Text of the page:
Metal Tales: Overkill from Zerouno Games is a roguelike twin-stick shooter that will send you on a quest to defeat the metal gods and save the world. Find out more in our Metal Tales Overkill review!
Metal Tales: Overkill from Zerouno Games is a roguelike twin-stick shooter that will send you on a quest to defeat the metal gods and save the world. The guitar gods have been turned into monsters condemned to play for eternity, and their metalhead fans were turned into zombies. Only one person can stop them, and this is where you’ll come in to face the guitar gods and, ultimately, the God Kuk.
Once you start the game, you have the choice between two characters, Axel and Eve. There are two other characters, but you’ll have to beat certain bosses to unlock them before being able to play with them. Each character has different statistics in terms of Life, Speed, Cadency, and Damage. Once you’ve made your choice, you’ll land in the first of six stages the game offers. The left analog stick is used to move, while the right one is for aiming at enemies. While aiming, you’ll be able to shoot with the R2 button. There’s also the possibility of using the four face buttons to aim and shoot (for example pressing Triangle shoots up), but I found this far less precise than with the analog stick. The L1 button will be for using the items you pick up. Once unlocked, the L2 button will be for the power slide move. The D-Pad can be used to summon the guitar gods for powerful attacks that you’ll unlock as you progress through the game.
Although procedurally generated, each level follows the same pattern. You start in a room with doors on each wall, each leading to a new room. Rooms can be regular ones where you’ll fight a few enemies, gift rooms where you get a free power-up, shop rooms where you can purchase new guitars or power-ups if you have enough money, gauntlet rooms where you have to avoid hazards to pick something up, challenge rooms where you have to fight a few enemy waves, or finally the boss room where you’ll fight a tougher enemy.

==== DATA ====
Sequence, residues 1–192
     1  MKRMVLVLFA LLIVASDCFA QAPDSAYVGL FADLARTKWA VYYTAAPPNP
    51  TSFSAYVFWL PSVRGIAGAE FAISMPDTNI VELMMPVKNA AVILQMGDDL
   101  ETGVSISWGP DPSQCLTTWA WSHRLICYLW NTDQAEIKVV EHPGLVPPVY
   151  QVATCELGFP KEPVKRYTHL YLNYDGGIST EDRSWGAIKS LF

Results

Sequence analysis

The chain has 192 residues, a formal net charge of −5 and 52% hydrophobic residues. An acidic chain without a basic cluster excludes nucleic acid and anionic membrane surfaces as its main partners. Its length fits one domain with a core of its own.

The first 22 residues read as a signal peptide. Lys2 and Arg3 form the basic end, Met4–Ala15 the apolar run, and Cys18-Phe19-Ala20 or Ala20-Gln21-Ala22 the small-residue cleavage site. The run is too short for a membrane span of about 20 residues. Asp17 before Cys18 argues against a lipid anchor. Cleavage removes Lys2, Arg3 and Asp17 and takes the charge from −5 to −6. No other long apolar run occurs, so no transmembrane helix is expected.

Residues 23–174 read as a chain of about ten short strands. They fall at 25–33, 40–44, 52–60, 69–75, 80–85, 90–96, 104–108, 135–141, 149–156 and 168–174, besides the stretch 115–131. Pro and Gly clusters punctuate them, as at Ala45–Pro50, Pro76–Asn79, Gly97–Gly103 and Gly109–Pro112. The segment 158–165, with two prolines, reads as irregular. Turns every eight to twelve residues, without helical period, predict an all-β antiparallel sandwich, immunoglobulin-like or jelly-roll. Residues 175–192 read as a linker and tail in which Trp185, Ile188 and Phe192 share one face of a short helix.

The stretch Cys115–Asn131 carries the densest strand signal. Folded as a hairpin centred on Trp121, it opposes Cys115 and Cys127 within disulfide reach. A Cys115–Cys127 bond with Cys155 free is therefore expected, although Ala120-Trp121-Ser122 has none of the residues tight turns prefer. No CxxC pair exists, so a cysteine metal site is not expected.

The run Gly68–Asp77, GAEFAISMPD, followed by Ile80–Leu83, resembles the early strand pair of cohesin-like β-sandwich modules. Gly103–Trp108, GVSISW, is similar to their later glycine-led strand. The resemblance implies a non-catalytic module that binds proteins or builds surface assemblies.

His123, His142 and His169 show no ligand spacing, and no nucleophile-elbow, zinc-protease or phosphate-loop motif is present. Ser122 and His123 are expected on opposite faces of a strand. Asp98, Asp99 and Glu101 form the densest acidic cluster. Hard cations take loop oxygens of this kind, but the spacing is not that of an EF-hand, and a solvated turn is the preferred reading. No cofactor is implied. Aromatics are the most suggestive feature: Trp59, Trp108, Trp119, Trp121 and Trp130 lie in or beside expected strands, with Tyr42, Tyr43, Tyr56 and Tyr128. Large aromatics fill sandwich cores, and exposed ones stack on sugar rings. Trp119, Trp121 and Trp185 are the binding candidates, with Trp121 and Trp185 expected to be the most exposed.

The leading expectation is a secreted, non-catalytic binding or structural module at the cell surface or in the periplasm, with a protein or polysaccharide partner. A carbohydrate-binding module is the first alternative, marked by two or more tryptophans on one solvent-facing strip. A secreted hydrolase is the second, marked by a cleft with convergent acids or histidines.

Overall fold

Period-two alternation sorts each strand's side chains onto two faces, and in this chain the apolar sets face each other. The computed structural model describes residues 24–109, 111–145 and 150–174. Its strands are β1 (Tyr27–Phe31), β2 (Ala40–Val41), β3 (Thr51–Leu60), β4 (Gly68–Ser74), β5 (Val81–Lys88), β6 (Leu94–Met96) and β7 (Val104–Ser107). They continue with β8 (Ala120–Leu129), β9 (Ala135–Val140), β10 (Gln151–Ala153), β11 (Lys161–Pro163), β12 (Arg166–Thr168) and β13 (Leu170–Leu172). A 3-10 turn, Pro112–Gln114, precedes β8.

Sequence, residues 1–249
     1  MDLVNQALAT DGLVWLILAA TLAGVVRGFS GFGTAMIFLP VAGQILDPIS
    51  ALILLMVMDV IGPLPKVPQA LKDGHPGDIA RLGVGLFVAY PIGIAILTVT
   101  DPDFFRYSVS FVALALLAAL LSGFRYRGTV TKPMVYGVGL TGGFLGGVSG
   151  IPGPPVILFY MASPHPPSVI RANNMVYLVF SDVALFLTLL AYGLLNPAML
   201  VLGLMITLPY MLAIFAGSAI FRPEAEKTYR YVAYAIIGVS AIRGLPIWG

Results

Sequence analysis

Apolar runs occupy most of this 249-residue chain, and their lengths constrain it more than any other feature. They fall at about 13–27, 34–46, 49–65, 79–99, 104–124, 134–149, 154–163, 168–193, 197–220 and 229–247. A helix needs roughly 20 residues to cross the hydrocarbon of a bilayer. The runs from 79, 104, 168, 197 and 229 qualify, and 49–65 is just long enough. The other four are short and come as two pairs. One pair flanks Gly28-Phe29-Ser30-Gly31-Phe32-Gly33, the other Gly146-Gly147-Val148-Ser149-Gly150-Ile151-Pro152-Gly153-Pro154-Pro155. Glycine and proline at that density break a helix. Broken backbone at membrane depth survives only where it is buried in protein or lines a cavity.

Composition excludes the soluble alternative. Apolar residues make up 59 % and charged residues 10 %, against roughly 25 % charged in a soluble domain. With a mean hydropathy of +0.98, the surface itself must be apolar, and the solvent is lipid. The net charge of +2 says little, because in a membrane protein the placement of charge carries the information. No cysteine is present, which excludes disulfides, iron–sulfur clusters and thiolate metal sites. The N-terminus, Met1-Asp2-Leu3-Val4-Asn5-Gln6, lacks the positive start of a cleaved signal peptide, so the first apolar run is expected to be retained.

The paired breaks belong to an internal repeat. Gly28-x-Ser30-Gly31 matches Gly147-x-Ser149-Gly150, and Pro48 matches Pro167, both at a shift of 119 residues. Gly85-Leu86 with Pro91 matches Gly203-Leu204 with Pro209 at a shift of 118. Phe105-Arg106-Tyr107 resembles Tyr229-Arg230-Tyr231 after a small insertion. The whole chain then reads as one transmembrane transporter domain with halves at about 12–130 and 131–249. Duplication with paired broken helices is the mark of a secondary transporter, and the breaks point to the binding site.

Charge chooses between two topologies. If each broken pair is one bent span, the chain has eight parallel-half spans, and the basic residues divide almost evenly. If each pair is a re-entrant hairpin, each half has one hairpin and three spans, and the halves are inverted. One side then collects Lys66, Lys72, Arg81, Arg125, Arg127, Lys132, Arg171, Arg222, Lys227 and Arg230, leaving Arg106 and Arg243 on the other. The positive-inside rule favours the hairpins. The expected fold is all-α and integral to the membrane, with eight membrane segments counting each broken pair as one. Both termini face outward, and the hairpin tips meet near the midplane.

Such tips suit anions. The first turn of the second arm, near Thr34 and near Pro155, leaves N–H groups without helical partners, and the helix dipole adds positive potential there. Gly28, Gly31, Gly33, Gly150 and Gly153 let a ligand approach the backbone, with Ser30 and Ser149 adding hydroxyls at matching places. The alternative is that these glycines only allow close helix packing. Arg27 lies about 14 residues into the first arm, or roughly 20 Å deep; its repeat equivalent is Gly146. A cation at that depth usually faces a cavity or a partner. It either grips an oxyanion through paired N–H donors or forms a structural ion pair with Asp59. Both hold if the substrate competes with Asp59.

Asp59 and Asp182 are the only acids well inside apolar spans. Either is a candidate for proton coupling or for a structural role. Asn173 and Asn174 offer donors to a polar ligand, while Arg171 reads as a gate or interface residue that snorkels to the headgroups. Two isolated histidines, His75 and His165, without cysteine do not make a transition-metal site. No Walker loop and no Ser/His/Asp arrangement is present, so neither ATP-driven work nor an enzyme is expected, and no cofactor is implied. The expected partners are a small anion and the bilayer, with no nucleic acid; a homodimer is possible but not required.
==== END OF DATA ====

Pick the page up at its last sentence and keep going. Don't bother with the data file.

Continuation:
The game has some colorful visuals through each of the six levels, separated into three themes. Nothing truly phenomenal, but enough for the experience it offers. With the game being about metalheads, you can expect the soundtrack to be a great collection of metal tracks that will play as you eliminate all those zombies. Obviously, if you’re not a fan of metal music, you probably won’t enjoy this. If you do like the soundtrack, you’ll be happy to know that the game has a menu where it lists each and every track and group that are part of the game.
In my first few moments with the game, I enjoyed pretty much everything. The gameplay was fun, as I saw my character shooting around from his guitar, and there were a lot of power-ups here and there to change my damage or grant me additional skills. I even discovered – after being killed on the second stage – that missions you complete during your run grant you Metalium, which serves to purchase permanent upgrades before starting a new playthrough. On top of that, the soundtrack is all killer and no filler, with awesome songs to enjoy.
Unfortunately, there were some details that made everything less interesting. Six levels make for a short experience, and since you’ll be doing multiple runs, things do get a bit repetitive. Then there is the whole way power-ups are handled, especially when you get to a shop room. The room gives you a selection of three items, with a cost, but with no way of knowing what each of them does. This means that most of the time, I simply ended up not purchasing anything because it was better than spending money on something I didn’t want. And then, after my first successful run, I noticed on the character selection screen that I could hit Triangle to spend my Metalium, but the button simply didn’t work.
Then there are the trophies. The list is an incredibly easy one for the Platinum. If you manage to get through the game, you’ll unlock the vast majority of the trophies. The problem here is that this won’t give you the Platinum because two of the trophies are currently glitched and unobtainable. If not for this, though, you could certainly get the Platinum in an evening.
Metal Tales: Overkill is a fun game with an incredible soundtrack. Unfortunately, its lack of content makes it repetitive, and it’s not without issues. Hopefully, a patch or two can improve things along the way. Metal Tales: Overkill is out on PlayStation 4 at a $14.99 price.
This Metal Tales: Overkill review is based on a PlayStation 4 copy provided by Zerouno Games.